Missing Molecules in Exoplanet Atmospheres


Every day, I wake up and flip through the titles and abstracts of recent articles posted to arXiv. With increasing regularity, papers pop up announcing the discovery of a new extra-solar planet. At this point, I keep scrolling. How many more hot Jupiters do you really want to hear about? If it’s a record setter in some way, I’ll read it. Another way I’ll pay attention is if there’s reports of detections of spectroscopic detection of components of the atmosphere. While a fistful of transiting planets have had spectral lines discovered, they’re still pretty rare and new discoveries will help constrain our understanding of how planets form.

The holy grail in this field would be to discover elemental signatures of molecules that don’t form naturally and are characteristic of life (as we know it). In 2008, a paper announced the first detection of CO2 in an exoplanet atmosphere (that of HD 189733b), which, although not exclusively, is one of the tracer molecules for life. While HD 189733b isn’t a candidate for searches for ET, it was still a notable first.

Then again, perhaps not. A new study casts doubt on the discovery as well as the report of various molecules in the atmospheres of another exoplanet.

Thus far there have been two methods by which astronomers have attempted to identify molecular species in the atmosphere of exoplanets. The first is by using starlight, filtered by the planet’s atmosphere to search for spectral lines that are only present during transit. The difficulty with this method is that, spreading the light out to detect the spectra weakens the signal, sometimes down to the very point that it’s lost in systematic noise from the telescope itself. The alternative is to use photometric observations, which look at the change in light in different color ranges, to characterize the molecules. Since the ranges are all lumped together, this can improve the signal, but this is a relatively new technique and statistical methodology for this technique is still shaky. Additionally, since only one filter can be used at a time, the observations must generally be taken on different transits, which allow the characteristics of the star to change due to star spots.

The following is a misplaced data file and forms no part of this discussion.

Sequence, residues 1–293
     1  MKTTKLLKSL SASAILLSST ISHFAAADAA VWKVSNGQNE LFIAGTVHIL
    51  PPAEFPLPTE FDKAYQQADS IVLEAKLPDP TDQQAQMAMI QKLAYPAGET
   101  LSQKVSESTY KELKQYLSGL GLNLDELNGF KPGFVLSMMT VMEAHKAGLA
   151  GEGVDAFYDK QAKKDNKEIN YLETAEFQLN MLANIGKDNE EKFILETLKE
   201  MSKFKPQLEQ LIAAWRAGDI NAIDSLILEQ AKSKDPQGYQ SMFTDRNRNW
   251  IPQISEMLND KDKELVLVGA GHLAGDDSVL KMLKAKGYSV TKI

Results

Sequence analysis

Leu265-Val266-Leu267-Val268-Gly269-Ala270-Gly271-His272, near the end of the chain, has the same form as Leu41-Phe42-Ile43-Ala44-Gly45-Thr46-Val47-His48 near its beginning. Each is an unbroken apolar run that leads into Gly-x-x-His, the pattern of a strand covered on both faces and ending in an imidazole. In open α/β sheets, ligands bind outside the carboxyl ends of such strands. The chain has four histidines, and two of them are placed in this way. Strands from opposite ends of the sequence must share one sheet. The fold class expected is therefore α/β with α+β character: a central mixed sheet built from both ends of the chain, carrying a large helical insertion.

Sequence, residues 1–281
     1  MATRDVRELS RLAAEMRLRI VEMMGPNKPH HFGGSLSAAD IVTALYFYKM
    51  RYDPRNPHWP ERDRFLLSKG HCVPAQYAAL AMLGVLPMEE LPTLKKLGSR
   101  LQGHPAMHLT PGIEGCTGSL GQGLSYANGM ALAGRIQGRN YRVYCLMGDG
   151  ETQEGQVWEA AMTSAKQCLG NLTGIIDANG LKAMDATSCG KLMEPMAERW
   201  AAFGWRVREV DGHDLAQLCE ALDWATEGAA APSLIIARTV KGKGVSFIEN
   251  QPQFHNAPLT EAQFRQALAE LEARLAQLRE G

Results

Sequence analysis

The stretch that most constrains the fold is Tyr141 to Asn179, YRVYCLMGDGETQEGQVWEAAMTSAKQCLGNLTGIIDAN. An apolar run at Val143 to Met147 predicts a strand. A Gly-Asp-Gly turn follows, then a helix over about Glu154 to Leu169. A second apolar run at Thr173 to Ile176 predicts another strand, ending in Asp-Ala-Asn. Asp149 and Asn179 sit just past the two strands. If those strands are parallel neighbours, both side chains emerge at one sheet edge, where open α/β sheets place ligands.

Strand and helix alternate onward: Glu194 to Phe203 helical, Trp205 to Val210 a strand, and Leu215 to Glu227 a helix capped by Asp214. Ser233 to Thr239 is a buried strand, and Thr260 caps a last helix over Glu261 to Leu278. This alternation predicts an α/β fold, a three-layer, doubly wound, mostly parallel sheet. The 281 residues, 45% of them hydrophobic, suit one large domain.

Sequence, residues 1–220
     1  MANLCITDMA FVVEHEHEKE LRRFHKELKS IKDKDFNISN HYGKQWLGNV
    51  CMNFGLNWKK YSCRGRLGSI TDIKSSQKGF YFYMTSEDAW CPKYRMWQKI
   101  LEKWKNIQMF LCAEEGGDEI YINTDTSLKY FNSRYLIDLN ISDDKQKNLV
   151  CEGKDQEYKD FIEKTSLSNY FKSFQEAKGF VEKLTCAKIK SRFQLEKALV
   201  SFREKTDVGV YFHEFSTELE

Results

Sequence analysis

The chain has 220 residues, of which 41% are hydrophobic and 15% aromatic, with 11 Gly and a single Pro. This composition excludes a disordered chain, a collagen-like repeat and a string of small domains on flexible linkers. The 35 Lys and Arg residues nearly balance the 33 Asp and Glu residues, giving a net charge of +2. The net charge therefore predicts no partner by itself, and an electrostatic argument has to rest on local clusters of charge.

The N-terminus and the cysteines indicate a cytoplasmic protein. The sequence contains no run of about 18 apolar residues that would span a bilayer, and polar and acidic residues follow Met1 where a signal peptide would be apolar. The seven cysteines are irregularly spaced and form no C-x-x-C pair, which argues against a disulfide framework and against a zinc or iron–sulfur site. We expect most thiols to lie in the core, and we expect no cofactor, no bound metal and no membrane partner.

The 2008 study by Swain et al. that announced the presence of CO2 used the first of these methods. Their trouble started the following year when a followup study by Sing et al. failed to reproduce the results. In their paper, Sing’s team stated,”Either the planet’s transmission spectrum is variable, or residual systematic errors still plague the edges of the Swain et al. spectrum.”

The new study, by Gibson, Pont, and Aigrain (working from the Universities of Oxford and Exeter) suggests that the claims of Swain’s team were a result of the latter. They suggest that the signal is swamped with more noise than Swain et al. accounted for. This noise comes from the telescope itself (in this case Hubble since these observations would need to be made out of Earth’s atmosphere which would add its own spectral signature). Specifically, they report that since there’s changes in the state of the detector itself that are often hard to identify and correct for, Swain’s team underestimated the error, leading to a false positive. Gibson’s team was able to reproduce the results using Swain’s method, but when they applied a more complete method which didn’t assume that the detector could be calibrated so easily by using observations of the star outside the transit and on different Hubble orbits, the estimation of the errors increased significantly, swamping the signal Swain claimed to have observed.